"My mother once told me, when you have to make a decision, imagine the person you want to become someday. Ask yourself, what would that person do?"
-- Barry Deutsch, Hereville: How Mirka Met a Meteorite
In order to be a great leader, you have to be a great role model. Managers often forget that their staff watches their behavior and uses it to guide their own reactions.
Too often I see CEOs running their organizations with fear and intimidation. In these cases, this methodology spreads through the ranks of the organization as lower-level management will imitate the CEO's values -- whether they are good or not. Staff just wants to emulate their leaders, so it is absolutely critical that every organization has a role model people can look up to and trust.
So what characteristics should the role model of a business -- or a non-profit, for that matter -- have? I think consistency is first and foremost.
Without consistency, staff does not know what you believe in or what your true motives are. I have personally witnessed how a CEO's inconsistency impacts the staff. If the CEO is inconsistent in how they deal with vendors, for instance, the staff will be confused about how they should act in those situations.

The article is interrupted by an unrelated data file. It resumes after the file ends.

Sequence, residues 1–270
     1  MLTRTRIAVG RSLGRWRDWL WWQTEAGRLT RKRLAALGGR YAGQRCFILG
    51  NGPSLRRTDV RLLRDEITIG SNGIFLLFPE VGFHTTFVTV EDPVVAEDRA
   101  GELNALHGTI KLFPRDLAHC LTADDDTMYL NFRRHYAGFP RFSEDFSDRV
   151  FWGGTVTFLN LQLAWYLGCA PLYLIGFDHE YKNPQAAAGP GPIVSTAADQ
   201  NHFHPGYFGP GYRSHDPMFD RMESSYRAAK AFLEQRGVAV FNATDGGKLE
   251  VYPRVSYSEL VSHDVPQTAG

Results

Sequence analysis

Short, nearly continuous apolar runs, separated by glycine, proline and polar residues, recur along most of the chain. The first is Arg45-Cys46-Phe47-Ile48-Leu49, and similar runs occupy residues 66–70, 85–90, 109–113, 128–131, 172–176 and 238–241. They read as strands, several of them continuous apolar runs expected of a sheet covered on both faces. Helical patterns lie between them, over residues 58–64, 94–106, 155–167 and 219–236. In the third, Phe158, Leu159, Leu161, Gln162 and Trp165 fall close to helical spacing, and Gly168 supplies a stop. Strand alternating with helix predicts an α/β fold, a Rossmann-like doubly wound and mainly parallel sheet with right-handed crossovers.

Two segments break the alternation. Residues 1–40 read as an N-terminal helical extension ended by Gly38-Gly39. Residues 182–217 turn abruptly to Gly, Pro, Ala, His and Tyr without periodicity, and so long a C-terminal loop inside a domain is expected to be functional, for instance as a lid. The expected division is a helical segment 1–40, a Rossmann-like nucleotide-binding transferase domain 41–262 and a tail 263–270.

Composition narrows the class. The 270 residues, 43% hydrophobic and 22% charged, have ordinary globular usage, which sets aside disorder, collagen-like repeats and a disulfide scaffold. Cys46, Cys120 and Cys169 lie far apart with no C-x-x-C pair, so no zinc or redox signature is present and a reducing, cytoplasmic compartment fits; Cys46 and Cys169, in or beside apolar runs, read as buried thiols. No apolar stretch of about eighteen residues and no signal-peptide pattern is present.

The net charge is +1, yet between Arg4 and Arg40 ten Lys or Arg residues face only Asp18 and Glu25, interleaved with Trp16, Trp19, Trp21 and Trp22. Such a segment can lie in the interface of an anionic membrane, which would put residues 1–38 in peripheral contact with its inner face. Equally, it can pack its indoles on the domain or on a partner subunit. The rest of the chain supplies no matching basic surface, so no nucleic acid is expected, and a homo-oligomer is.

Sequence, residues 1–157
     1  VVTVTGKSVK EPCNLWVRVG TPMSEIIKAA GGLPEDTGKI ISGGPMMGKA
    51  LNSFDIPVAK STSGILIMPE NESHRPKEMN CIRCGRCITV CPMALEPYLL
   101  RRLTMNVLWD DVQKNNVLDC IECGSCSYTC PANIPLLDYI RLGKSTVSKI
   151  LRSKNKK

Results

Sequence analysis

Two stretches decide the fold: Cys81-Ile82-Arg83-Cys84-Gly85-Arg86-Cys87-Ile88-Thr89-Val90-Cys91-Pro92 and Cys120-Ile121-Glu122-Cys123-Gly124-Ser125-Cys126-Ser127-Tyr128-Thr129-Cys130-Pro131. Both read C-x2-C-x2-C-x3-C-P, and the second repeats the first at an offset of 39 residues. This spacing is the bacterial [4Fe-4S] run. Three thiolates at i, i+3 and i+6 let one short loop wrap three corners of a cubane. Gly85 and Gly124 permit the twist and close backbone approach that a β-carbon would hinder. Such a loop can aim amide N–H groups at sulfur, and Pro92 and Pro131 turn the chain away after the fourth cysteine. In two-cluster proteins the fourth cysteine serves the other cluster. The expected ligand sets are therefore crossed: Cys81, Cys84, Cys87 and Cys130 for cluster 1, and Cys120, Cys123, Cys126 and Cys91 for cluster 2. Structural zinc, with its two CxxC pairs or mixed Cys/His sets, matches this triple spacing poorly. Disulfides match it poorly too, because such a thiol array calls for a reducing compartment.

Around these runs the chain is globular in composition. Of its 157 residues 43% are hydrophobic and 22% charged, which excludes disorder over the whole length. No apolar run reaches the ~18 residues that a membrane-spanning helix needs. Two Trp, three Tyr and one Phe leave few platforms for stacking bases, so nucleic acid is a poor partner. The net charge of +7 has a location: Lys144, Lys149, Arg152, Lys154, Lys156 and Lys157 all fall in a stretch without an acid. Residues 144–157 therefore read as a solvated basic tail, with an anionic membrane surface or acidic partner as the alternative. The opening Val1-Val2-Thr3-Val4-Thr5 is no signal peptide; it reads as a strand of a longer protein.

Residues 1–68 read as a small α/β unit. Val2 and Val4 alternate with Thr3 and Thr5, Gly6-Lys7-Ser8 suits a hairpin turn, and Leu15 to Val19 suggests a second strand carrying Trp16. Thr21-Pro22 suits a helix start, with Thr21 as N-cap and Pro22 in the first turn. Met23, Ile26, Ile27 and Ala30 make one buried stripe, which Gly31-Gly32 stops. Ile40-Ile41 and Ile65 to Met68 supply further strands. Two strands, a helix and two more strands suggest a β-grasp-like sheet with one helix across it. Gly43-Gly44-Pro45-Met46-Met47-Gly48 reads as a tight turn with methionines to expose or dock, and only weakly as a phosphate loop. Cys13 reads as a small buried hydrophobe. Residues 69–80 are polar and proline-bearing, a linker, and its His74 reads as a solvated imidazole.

Character is another quality that is so important in a role model. When I say "character," I mean doing the right thing even when no one is looking. You can also think of it as honesty or integrity. However you define it, the point is that a role model should exude the highest degree of character at all times. As Warren Buffet said, "It takes 20 years to build a reputation and only five minutes to ruin it. If you think about that, you will do things differently."
Next, a role model should have enthusiasm.
You probably know from personal experience that when you come to work without enthusiasm, the momentum of the day is wasted. For a leader, however, this affects more than just one person's productivity. If your enthusiasm is lacking, staff will pick up on it and their motivation will nosedive.
Now, I know everyone has off days. You may not always feel enthusiastic, but the fact is, you just have to fake it. You must consistently be enthusiastic in order to keep your staff motivated.
Finally, it is critical that a role model be supportive of their staff. I am frequently telling managers that in many ways, their staff does not work for them. They work for their staff. Workers need to know their leaders care about their needs. It is your job as a role model to ensure staff knows you are on their side.
All these things seem so simple and so obvious, but they slip through the cracks more often than you might think. Managers and leaders get caught up in all their daily tasks and just forget that their primary function is being a great role model.
One of the best ways to determine your effectiveness as a role model is to ask your staff to evaluate you. There are many tools to help with this process. Most are very inexpensive and they always produce enlightening results.
Jerry Osteryoung, the Jim Moran Professor of Entrepreneurship (Emeritus) and Professor of Finance (Emeritus) at Florida State University, can be reached at firstname.lastname@example.org.